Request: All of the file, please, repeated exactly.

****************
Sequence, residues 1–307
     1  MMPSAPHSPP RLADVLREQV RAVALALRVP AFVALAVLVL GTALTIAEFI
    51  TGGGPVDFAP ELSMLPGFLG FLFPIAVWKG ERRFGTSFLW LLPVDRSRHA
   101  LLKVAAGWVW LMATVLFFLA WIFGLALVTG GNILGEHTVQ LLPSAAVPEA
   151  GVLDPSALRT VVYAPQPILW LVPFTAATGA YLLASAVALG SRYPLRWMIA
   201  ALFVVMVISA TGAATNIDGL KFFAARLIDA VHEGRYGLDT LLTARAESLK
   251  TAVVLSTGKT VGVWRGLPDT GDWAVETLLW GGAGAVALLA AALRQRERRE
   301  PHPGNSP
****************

Sequence, residues 1–307
     1  MMPSAPHSPP RLADVLREQV RAVALALRVP AFVALAVLVL GTALTIAEFI
    51  TGGGPVDFAP ELSMLPGFLG FLFPIAVWKG ERRFGTSFLW LLPVDRSRHA
   101  LLKVAAGWVW LMATVLFFLA WIFGLALVTG GNILGEHTVQ LLPSAAVPEA
   151  GVLDPSALRT VVYAPQPILW LVPFTAATGA YLLASAVALG SRYPLRWMIA
   201  ALFVVMVISA TGAATNIDGL KFFAARLIDA VHEGRYGLDT LLTARAESLK
   251  TAVVLSTGKT VGVWRGLPDT GDWAVETLLW GGAGAVALLA AALRQRERRE
   301  PHPGNSP